Despite your graduate education, brainpower, and technical prowess, your career in scientific research is far from assured. Permanent positions are scarce, science survival is rarely part of formal graduate training, and a good mentor is hard to find. This exceptional volume explains what stands between you and a fulfilling long-term research career.
Bringing the key survival skills into focus, A Ph.D. Is Not Enough! proposes a rational approach to establishing yourself as a scientist. It offers sound advice on selecting a thesis or postdoctoral adviser; choosing among research jobs in academia, government laboratories, and industry; preparing for an employment interview; and defining a research program. This book will help you make your oral presentations effective, your journal articles compelling, and your grant proposals successful. A Ph.D. Is Not Enough! should be required listening for anyone on the threshold of a career in science.
©1993 Peter J. Feibelman (P)2011 Audible, Inc.
"It took me over forty years to learn from experience what can be learned in one hour from this guide." (Carl Djerassi, Emeritus Professor of Chemistry, Stanford University)
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"THIS BOOK IS NOT ENOUGH!!!"
I am really disappointed Audible. I am a PhD and preparing for a post-doc, and this book simply add nothing for what I already know. It is really outdated, from 1994, more than 15 years ago!
The book is pedantic and only can convince his mother (and maybe not) that he is a good adviser for scholars.
What about some REAL books about research, Audible?
Here a list of some you should have here for all researchers delight:
Doctoral Education: Research-Based Strategies for Doctoral Students, Supervisors and Administrators
by Lynn McAlpine, Chery and Amundsen
The Art of Case Study Research by Robert E. Stake
Multiple Case Study Analysis by Robert E. Stake
Applied Multivariate Research: Design and Interpretation by Lawrence S. Meyers
Case Study Research: Design and Methods by Robert K. Yin
Research Design and Statistical Analysis by Jerome L. Myers
I don't think Audible being partner of Amazon would have any difficulty to find good books of research design.
What a researcher doesn't need is another dim self help book like this one.
We want real books, please?
Self-Help? No more! We are grown ups!, we need knowledge not demagogue literature.
I think, as a woman who holds her master of science and is already pursuing her doctorate, I'm out of the target demographic. The importance of networking, ways of making your research verbally acceptable to non-scientists, and how to make a powerpoint aren't lessons I need. Perhaps if you are male, introverted, and in your senior year of undergrad, some of this will be new for you.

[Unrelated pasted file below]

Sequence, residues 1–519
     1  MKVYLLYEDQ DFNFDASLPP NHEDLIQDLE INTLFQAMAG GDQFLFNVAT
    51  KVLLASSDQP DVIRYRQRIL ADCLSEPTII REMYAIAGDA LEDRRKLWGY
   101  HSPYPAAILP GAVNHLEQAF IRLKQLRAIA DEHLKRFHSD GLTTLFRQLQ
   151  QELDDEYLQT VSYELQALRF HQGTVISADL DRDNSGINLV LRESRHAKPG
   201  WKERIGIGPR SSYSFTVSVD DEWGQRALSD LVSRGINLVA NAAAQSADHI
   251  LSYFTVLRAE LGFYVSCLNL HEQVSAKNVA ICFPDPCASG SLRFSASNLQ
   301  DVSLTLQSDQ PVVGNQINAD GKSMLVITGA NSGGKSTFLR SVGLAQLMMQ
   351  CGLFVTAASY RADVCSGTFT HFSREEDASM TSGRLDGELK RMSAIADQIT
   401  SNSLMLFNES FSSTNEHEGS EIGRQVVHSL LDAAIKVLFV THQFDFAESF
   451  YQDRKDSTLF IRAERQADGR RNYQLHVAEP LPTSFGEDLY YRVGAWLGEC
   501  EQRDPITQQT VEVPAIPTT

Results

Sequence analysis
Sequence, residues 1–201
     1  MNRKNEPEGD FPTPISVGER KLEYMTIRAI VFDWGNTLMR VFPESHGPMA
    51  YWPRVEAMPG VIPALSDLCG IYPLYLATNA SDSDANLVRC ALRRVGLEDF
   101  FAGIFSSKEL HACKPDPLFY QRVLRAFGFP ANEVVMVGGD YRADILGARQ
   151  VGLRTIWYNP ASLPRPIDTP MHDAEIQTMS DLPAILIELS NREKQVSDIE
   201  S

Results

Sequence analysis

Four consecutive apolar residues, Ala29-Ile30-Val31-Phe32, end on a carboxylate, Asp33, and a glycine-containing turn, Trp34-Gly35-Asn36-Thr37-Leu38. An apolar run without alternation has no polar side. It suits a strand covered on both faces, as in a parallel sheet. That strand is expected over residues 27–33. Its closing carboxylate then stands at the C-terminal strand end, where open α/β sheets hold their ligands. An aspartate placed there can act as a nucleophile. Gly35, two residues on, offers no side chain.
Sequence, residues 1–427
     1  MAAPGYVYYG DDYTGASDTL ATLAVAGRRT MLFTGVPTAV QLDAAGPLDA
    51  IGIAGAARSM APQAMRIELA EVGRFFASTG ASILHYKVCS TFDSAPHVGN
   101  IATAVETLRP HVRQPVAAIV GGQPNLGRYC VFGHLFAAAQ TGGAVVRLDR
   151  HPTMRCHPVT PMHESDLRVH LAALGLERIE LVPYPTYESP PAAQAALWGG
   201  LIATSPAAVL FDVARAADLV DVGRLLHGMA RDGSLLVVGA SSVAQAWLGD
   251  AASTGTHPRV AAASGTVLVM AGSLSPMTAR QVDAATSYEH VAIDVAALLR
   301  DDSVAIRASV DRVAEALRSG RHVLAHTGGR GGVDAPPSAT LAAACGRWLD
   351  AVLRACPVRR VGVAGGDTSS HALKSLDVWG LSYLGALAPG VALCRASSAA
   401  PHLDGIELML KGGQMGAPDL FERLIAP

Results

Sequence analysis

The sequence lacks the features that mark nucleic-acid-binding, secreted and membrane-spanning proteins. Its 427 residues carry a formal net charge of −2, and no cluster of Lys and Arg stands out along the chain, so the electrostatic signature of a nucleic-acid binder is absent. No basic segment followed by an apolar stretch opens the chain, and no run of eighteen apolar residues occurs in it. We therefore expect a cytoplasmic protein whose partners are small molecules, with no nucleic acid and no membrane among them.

"If you're thinking of a doctorate, LISTEN TO THIS!"
YES, the details pertaining to career planning and presentation issues are worth it. True, not everything espoused here applies to all disciplines equally, but most of it does.
If you are thinking or pursuing a doctorate, it's worth listening.
If you are currently going through a doctorate program, it's worth listening.
If you are science or engineering doctor and trying to decide whether to stay in academia or jump into industry, it's worth listening, but keep in mind the advice given here is not necessarily universally applicable.
That said, two out of three ain't bad.
This book is great as far as a guide for pursuing a doctorate in the sciences or engineering. It is also great as far as planning your career after you have reached this goal. As a person pursuing a PhD in marketing a great deal of this advice is confirmed by others sources and my advisors.
Okay, the author is not on the level of a Simon Jones or Edward Hermann, but his delivery actually adds to the credibility of the piece. You know you are hearing the truth straight from the source. Plus, by the author reading it, you really gain insight into what is important to him, through his use of tonal emphasis and pauses.
This is not a one-sitting book. If it was that short then it really would not even come close to covering the subject. However, even if it were that short, the material actually lends itself to stopping and really contemplating what has been said. This is important stuff. You need to think about it as you go and re-listen to sections occasionally. It's that good.
There are some points of difference between the various disciplines, such as when or if to ever go outside of academia, but that also varies based upon the goals of the individual involved.
However, the stuff said pertaining to presentation and storytelling is universally true. For that alone this book is worth buying, recommending, and listening to three or four times at least.
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